50 shades of like
We are losing our faith in TV news as fast as those high-speed chases itâ€™s so happy to show us. At the same time, we’re driving like maniacs on the social-media highway, letting it all hang out with the top down.
What do they have to do with each other? Both are advertiser-supported media. One prints money, the other not so much, at least not yet. And yet one is on the downswing, the other ascendant. What does this say about human nature and tapping into elusive and guilty pleasures?
In its annual poll, Gallup Politics found that only 21 percent of respondents expressed a “great deal” or “quite a lot” of confidence in TV news â€“ less than half what it was when the poll was first conducted in 1993, but down only a point from last year.
But then this report, from RTDNA and Hofstra: TV news hiring is up â€“ way up:
The survey found that TV news added 1,131 jobs in 2011 to reach a total full-time employment tally of 27,653, representing a 4.3% gain over the previous year. (The highest level of TV news staffing occurred in 2000).
42.9% of stations reported that they increased staff in 2011 and 46.2% said that staff size stayed the same. Fox-affiliates were more likely than any other group to increase staff size, and stations in the South were more likely to have added employees than stations in other regions.
We mistrust TV news, yet ratings and thus job numbers are improving. What’s going on here?
The answer lies in a well-documented disconnect: We are careful about what we say we like. Sometimes it’s to be polite. Sometimes we withhold our public displays of affection to conceal a guilty pleasure. Sometimes we have no idea, but need to say something.
Anecdotally, TV news has a terrible reputation. Nobody admits to watching it, and yet the average station has five to six hours of news division programming every day â€“ not counting the quasi-news network programs that have grown from two hours in the morning to as many as four.
TV news is a guilty pleasure, and its economic viability in the age of “free” Internet news would seem to make zero sense. The fact that it not only persists but increasingly thrives while being denigrated by its audience is significant, and informs how social networks can and can’t work.
Which gets us back to the disconnect between liking something and saying you like something. Just as we say we don’t think much of TV news and nevertheless watch a lot of it, social networks encourage endorsements â€“ liking, friending, etc. But left to your own devices you only reveal what embellishes your self-image, consciously or not. How does anyone really know what you believe, when even you might not know for sure? As social networks try to become the digital age’s equivalent to TVâ€™s advertising juggernaut, how do you devise a social network-based marketing strategy or justify an ad spend when all you’ve got to go by are the confessions of some inflated egos?
This is perhaps why, as the Wall Street Journal reports, marketers are moving past focus groups and questionnaires to mockups of supermarkets where they observe how test subjects react to products on the shelves. Theyâ€™re paying attention not just to where subjects stop and what they pick up but also to their eye movements.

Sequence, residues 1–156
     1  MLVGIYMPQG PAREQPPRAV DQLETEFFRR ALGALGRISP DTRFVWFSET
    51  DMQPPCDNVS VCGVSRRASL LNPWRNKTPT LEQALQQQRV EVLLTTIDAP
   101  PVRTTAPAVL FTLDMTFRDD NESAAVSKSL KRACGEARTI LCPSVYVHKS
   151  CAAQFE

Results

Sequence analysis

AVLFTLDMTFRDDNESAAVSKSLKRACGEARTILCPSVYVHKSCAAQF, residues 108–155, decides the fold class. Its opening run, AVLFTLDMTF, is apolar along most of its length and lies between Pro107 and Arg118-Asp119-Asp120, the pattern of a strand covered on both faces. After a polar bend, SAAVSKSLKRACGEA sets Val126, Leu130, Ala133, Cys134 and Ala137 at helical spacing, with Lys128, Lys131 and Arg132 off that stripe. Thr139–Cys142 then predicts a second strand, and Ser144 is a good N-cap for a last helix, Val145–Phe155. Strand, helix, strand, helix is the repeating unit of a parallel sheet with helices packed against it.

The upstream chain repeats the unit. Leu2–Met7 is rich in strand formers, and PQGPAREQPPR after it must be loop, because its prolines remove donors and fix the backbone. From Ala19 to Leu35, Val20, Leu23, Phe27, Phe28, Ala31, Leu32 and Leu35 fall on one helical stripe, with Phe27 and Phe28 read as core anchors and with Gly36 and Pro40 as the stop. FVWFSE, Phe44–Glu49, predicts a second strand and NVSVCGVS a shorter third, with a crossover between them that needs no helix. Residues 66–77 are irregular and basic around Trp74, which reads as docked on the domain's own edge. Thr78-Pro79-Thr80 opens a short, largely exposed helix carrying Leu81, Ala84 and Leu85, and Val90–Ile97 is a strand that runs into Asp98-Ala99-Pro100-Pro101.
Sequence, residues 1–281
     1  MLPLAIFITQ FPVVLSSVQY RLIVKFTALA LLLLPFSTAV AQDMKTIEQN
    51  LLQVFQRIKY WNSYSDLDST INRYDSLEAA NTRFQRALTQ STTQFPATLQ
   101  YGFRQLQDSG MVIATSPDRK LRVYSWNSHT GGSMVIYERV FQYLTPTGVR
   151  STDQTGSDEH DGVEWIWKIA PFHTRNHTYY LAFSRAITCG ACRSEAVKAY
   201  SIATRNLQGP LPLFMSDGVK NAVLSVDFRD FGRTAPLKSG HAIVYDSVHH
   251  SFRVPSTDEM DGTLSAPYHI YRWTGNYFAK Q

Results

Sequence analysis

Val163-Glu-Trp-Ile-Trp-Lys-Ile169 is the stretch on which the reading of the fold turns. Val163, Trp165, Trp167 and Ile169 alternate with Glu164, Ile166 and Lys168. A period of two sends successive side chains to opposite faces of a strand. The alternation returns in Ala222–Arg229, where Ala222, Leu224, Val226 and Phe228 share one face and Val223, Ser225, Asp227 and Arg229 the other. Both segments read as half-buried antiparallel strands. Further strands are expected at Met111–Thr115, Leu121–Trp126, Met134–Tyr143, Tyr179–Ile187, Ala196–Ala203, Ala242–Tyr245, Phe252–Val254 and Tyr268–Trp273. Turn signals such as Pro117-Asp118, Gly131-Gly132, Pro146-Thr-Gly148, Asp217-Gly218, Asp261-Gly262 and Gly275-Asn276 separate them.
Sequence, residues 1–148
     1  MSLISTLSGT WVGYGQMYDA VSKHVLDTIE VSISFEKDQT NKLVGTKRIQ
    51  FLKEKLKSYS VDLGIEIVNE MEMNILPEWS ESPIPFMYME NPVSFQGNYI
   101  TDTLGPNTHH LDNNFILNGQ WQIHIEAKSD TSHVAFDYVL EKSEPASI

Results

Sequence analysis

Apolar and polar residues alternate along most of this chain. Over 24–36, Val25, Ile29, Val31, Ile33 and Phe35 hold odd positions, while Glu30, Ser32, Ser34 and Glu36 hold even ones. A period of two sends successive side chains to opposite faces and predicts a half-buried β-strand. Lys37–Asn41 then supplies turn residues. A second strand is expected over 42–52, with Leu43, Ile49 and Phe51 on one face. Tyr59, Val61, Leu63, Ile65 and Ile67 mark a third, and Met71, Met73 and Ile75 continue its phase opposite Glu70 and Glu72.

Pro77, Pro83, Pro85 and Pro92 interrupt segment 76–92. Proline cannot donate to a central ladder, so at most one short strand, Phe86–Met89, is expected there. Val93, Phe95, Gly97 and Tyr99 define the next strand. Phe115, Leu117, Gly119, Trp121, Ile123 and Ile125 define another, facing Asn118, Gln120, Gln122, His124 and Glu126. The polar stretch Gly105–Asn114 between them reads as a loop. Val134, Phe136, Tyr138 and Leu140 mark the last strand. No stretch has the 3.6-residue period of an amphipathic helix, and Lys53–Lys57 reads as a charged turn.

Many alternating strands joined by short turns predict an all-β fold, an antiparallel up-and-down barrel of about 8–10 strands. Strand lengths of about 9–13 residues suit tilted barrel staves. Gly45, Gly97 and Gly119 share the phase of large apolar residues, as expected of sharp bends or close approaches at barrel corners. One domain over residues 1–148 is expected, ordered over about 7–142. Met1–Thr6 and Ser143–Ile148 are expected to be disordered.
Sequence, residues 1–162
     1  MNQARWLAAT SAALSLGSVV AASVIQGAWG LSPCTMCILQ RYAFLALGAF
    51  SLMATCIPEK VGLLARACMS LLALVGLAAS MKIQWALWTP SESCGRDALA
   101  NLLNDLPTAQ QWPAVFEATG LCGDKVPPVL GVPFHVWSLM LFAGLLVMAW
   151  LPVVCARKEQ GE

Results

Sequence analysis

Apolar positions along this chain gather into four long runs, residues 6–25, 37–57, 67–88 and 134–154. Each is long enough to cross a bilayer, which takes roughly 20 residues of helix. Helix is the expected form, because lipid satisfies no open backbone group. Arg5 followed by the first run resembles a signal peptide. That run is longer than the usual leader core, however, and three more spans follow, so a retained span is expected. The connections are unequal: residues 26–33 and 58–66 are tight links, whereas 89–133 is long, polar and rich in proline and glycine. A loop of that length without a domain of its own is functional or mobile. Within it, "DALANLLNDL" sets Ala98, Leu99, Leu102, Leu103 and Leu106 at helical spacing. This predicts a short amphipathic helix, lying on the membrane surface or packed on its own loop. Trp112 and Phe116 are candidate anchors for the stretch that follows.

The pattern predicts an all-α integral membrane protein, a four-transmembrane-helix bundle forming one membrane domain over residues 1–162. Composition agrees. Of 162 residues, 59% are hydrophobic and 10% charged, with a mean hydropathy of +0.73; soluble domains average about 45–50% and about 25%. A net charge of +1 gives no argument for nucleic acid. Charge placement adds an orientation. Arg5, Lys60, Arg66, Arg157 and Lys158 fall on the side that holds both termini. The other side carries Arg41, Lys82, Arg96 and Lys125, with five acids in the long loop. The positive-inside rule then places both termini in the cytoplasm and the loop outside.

Marketers have long been aware that product testers unconsciously seek to please researchers conducting the tests. Moreover, psychology and marketing professors say people often don’t realize what draws their eyes or how they truly feel about a product. They also overestimate the likelihood they will make a purchase, ignoring competing products and their own budgets.
“There’s often a big disconnect between what people want to do and what they say they want to do,” says Steve Posavac, a professor of marketing at Vanderbilt University. “Any attitude,” he says, “becomes more extreme” in research studies.
What does retina-tracking technology mean in the battle for the hearts, minds â€“ and eyeballs â€“ for online marketing? It would seem to suggest that “friend” recommendations are considerably less reliable than what people think about recommending but are sometimes too embarrassed to actually pull the trigger on. (The Facebook effect is further diluted by the fact that marketers openly try to buy your vote by offering discounts and other incentives for a “like.”)
It would seem to suggest that a network that relies primarily on endorsements, like Facebook, is going to be less a bellwether of preferences than one like Google, whose approach converts your Web activity (if you allow it) into suggestions you may not have considered.
The disconnect between liking and saying you like is a big reason, it would seem, that the default sharing of Facebook’s Timeline was such an important pre-IPO addition to the social network. A member who doesnâ€™t curate her page is exposing the kind of proclivities she may not even be aware of, or could adequately articulate.
With TV it doesn’t matter what you say or how much you love to hate it â€“Â as long as you watch. Itâ€™s a different game on social networks, which are so heavily dependent on watching you. Bridging that disconnect is what will make social networks as successful as the TV networks.
PHOTO ILLUSTRATION: REUTERS/Chadwick Matlin.
PHOTO:Â The sun sets on the entrance sign at Facebook’s headquarters in Menlo Park, California, the night before the company’s IPO launch, May 17, 2012. REUTERS/Beck Diefenbach.